Autumn in New York

Remember the Autumn in New York Ad Campaign?

Ah, Autumn in New York. Crisp air and beautiful changing leaves, who wouldn’t want to visit the Empire State this time of year? Oddly Enough, a lot of people. That is why New York ran its long-running, “Autumn in New York” ad campaign.

I remember it as an adjunct to the more famous, “I Love New York” campaign, but I found them equally compelling. The campaign can easily trace its roots to the popular song of the same name. “Autumn in New York” is a jazz standard composed by Vernon Duke. It was written for the 1934 Broadway musical Thumbs Up! While originally written for that musical, a ludicrous number of covers of it have been recorded over the years. Perhaps, most famous was this cover by Ella Fitzgerald and Louis Armstrong.

Autumn in New York covered by Ella Fitzgerald and Louis Armstrong

I went on a quest for the original Autumn in New York Ad Campaign commercials, but could not find it online. As a consolation prize, I was able to dig up the print ad you see above. The ad is a sneak peek of all the beautiful leaves you will find when you visit New York State in the autumn. While the ad is old, I bet you the leaves have not changed their shape.

So if you are headed to New York, or any other leafing destination, why not take it along. Everyone will marvel at how skilled you are with leaf identification. You will earn the nickname “Professor Leaf, and people will high-five you as your move through the colorful forests. Remember folks, at bars, “Professor Leaf” never has to pay for a drink. It is just one of the perks of being such an accomplished academic.

Want some retro ad campaign wonderfulness? I suggest the original “I Love New York” campaign (Broadway Edition). This one has Frank Langella as Dracula and lots of other Broadway luminaries in it!

I Love New York Ad Campaign – Broadway Edition


https://www.youtube.com/watch?v=LwaKmF80j8A

Continental Airlines’ Club and Pub, because Air Travel used to be Amazing

Flying for most people is not enjoyable. It is cramped with little room to move around and most of the time you are just counting the seconds until you can get off the place. That was not always the case. During the Golden and Silver ages of air travel, people would treat air travel as an event. Something worthy of getting dressed up for and it was an experience meant to be savored. After all, you are flying thousands of feet off the ground above the clouds in one of humanity’s greatest achievement.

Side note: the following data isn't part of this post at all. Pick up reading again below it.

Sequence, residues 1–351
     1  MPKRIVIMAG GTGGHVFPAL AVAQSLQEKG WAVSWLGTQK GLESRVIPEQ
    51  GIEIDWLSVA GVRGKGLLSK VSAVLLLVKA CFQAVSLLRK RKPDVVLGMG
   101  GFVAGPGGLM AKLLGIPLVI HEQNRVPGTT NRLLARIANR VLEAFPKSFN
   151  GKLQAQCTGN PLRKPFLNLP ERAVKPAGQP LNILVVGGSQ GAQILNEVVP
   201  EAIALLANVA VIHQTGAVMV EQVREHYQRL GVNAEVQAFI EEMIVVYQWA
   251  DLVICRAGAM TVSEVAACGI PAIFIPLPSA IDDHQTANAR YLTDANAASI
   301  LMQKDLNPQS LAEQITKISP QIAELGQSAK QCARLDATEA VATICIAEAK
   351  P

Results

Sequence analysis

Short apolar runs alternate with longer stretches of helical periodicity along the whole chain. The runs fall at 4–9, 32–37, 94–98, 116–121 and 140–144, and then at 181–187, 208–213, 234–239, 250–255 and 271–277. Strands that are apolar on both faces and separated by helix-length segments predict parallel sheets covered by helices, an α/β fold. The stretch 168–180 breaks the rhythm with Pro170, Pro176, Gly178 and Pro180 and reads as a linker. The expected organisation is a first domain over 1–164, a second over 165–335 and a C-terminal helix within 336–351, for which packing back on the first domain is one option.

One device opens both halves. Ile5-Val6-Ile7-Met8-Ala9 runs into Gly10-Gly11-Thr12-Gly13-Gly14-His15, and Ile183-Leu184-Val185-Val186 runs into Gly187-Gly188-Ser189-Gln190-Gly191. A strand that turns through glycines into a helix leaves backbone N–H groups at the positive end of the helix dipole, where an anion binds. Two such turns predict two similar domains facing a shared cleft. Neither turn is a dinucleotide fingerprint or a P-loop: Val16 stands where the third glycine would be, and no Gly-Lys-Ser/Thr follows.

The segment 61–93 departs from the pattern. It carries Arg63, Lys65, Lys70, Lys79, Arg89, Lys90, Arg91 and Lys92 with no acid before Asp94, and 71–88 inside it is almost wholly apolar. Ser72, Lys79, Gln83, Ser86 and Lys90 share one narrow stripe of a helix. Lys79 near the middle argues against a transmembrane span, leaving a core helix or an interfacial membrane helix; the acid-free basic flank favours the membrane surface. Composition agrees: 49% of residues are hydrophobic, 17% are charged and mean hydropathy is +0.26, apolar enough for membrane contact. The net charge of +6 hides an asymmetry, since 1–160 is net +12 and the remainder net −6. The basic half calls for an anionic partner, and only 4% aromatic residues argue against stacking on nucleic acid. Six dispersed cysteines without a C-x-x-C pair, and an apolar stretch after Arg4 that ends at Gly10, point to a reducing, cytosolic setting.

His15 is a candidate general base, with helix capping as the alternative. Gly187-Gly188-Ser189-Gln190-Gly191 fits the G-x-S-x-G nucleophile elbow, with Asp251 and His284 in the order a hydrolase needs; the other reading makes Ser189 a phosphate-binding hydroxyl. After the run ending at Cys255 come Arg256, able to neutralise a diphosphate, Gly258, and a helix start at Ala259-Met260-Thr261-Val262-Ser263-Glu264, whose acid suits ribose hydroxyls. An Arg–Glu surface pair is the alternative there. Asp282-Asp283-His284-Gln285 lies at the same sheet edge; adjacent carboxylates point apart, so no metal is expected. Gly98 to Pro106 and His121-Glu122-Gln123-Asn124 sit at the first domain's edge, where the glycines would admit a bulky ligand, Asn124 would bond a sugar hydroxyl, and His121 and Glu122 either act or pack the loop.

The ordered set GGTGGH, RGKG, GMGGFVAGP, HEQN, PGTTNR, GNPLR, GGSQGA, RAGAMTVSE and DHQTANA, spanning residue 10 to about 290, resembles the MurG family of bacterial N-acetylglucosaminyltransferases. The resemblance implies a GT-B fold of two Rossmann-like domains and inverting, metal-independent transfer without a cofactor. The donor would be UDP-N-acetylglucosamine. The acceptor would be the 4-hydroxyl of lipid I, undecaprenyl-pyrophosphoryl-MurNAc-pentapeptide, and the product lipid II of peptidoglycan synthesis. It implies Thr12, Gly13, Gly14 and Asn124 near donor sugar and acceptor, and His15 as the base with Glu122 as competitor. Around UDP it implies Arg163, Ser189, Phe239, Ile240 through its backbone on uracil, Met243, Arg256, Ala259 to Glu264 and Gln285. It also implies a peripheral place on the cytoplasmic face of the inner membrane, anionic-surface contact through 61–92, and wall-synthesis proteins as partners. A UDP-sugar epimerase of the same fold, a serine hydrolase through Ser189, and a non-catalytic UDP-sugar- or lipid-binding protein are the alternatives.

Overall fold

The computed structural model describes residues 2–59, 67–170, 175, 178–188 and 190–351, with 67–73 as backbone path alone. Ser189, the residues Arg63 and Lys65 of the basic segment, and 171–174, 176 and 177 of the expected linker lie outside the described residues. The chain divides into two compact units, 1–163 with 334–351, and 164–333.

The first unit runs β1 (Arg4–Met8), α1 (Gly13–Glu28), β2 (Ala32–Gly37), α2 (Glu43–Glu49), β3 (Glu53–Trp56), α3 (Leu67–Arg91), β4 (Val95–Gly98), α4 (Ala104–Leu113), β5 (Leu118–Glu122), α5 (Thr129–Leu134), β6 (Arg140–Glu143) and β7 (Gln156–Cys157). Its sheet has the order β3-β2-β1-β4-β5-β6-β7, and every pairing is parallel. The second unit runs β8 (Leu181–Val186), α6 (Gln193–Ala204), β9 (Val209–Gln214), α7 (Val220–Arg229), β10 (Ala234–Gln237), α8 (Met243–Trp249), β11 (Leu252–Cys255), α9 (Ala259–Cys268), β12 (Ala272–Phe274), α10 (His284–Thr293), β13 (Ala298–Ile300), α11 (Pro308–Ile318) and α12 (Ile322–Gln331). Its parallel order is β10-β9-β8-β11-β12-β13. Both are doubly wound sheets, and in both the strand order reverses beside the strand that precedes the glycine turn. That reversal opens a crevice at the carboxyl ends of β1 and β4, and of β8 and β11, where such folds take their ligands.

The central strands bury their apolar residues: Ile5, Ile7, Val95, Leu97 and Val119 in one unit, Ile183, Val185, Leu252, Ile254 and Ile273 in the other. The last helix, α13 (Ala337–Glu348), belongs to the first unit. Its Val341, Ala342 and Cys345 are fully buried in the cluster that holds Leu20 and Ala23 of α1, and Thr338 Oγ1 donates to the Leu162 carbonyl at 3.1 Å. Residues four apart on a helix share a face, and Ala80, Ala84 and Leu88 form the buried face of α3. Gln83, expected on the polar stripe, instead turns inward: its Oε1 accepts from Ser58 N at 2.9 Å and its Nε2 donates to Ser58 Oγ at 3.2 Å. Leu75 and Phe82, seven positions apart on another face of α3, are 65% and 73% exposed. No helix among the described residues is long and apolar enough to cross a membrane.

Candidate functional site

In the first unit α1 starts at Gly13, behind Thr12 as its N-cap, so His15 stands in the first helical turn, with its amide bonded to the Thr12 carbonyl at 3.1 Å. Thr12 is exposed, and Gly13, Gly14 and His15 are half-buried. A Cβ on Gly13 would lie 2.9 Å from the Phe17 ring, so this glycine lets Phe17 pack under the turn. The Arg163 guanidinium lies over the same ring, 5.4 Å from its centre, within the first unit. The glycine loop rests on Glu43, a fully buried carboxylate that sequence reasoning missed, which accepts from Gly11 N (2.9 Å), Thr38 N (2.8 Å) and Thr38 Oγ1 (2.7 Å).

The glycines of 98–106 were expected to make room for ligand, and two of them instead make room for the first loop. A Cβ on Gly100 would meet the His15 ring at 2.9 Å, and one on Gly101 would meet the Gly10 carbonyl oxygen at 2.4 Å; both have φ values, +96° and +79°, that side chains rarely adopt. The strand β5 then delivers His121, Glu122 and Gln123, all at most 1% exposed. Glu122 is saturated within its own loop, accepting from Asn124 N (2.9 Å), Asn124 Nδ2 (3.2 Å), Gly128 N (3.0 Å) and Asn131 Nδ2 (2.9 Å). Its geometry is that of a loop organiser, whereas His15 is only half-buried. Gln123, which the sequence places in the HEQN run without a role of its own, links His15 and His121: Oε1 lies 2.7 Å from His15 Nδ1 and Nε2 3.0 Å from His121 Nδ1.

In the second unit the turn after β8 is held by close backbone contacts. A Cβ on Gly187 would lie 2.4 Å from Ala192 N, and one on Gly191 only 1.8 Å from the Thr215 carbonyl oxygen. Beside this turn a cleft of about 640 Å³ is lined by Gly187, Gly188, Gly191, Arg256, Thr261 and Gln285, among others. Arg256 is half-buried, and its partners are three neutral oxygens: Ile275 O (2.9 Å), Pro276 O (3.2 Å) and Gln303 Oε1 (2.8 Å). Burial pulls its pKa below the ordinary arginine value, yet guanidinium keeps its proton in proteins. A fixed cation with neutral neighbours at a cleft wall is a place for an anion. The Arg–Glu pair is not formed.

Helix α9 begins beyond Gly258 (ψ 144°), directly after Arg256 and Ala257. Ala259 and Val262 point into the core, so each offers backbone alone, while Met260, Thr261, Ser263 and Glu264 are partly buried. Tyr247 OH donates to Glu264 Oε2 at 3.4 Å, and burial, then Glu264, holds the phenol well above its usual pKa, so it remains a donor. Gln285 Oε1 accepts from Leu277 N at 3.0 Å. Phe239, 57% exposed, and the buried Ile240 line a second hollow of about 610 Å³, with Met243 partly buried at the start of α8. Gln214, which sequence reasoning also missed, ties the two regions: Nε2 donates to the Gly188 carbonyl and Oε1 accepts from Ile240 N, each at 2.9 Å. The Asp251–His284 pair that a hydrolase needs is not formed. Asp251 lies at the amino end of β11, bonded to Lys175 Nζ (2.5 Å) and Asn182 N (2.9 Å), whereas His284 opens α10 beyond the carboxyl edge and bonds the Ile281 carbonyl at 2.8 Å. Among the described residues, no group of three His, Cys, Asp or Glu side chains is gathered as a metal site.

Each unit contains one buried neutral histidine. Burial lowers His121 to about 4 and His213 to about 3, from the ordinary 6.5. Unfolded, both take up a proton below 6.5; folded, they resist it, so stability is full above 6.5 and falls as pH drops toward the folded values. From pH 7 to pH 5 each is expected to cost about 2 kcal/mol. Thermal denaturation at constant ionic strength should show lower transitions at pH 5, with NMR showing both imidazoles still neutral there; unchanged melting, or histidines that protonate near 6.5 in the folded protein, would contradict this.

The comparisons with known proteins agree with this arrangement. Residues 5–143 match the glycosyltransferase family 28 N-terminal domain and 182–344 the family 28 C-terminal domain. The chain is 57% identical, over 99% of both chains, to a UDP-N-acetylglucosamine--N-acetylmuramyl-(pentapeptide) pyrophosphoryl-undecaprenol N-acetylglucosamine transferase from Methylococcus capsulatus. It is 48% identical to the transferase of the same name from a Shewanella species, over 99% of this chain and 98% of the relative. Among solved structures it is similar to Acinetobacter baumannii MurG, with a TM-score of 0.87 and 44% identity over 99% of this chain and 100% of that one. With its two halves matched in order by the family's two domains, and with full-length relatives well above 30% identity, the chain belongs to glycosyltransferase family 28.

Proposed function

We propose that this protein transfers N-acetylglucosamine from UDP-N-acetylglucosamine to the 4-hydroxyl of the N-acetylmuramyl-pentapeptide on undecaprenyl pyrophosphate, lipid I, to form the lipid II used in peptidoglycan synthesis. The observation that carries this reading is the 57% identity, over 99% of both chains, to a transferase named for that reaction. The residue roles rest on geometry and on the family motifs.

While this time has passed. Memories of it live on through the spoken word of people who witnessed it and the advertising that sold everyone on the dream.

In the 1970’s Continental Airlines was attempting to get people to fly and was making a push for their Club and Pub flights. This is a flight where…now get ready for this…they had a club AND a pub space on the plane. A place, that is not the bathroom, where you could stretch your legs, grab a drink and most importantly play video games!

pong-on-a-plane

That is right, they had cocktail versions of PONG for your enjoyment while you socialized in comfort with your fellow passengers.

I doubt we will ever return to this storied age of air travel again, but I am happy that these artifacts exist to remind us that we do have the right to complain. Because when it comes down to it, sometimes things move backwards and the past could have nicer things than the present.

Enjoy this Classic Commercial for “Dutch Wonderland”

I remember this commercial from when I was younger. This person who posted this online, said it is from 1982. I am not sure how long it ran (maybe they had variations on it), but I remember see it much later. I was always a big fan of theme parks and “Dutch Wonderland” was closer to New Jersey than any Disney park, so I annoyed my Mother to try to take me there. Oddly enough, annoying her never worked.

If you are not from New Jersey or Pennsylvania, Dutch Wonderland is an amusement park catering to small children that occupies almost 50 acres near Lancaster, Pennsylvania. Built in 1963, the park was sold in 2001 to the Hershey Entertainment and Resorts Company. They are still open for business, but their website is nowhere near as cool as this retro commercial. Where are the bear mascots? What about the “high” dive act that is performed on a diving board shorter than the one at the public pool I went to growing up? Time to go retro, Dutch Wonderland!

That is how you attract guests.